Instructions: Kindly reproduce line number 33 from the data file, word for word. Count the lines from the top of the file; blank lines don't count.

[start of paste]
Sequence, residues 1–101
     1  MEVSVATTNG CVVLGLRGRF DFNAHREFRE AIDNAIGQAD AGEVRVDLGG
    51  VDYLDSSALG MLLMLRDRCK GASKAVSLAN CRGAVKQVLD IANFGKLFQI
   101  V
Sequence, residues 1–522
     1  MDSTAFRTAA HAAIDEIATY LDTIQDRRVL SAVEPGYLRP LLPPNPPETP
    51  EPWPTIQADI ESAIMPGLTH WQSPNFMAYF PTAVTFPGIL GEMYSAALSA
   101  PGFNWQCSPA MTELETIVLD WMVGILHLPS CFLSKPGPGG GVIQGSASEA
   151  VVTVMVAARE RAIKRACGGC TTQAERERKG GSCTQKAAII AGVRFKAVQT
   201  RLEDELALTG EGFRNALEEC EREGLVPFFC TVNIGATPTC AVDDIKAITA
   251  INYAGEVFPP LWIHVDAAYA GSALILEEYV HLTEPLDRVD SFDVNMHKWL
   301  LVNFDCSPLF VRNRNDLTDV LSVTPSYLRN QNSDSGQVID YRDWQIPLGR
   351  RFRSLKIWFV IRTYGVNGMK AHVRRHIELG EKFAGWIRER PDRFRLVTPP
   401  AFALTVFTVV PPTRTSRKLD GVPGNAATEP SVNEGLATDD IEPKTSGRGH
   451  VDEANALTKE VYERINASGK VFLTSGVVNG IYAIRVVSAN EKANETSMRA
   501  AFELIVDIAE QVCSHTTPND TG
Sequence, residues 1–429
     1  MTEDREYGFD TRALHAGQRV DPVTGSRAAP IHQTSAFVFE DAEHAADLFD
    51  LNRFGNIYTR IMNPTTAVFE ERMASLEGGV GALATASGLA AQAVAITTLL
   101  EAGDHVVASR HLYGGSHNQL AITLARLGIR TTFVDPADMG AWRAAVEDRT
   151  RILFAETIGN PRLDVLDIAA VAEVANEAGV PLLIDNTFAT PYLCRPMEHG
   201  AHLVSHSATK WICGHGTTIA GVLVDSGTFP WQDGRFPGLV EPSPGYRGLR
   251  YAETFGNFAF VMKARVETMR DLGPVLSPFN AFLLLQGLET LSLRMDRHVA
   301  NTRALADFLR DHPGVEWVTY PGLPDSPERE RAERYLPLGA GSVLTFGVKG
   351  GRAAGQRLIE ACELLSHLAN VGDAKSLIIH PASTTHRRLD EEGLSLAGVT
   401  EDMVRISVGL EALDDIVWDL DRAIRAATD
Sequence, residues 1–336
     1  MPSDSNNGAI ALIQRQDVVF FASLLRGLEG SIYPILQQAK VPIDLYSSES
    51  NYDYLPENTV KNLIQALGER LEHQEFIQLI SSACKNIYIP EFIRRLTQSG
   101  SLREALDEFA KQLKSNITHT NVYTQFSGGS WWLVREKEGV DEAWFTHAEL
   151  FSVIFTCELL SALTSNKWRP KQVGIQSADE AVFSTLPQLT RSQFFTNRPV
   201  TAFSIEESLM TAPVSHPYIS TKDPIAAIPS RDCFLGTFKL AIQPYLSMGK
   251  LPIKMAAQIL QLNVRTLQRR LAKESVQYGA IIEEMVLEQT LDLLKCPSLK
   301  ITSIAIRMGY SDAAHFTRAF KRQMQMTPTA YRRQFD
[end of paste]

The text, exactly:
   251  LPIKMAAQIL QLNVRTLQRR LAKESVQYGA IIEEMVLEQT LDLLKCPSLK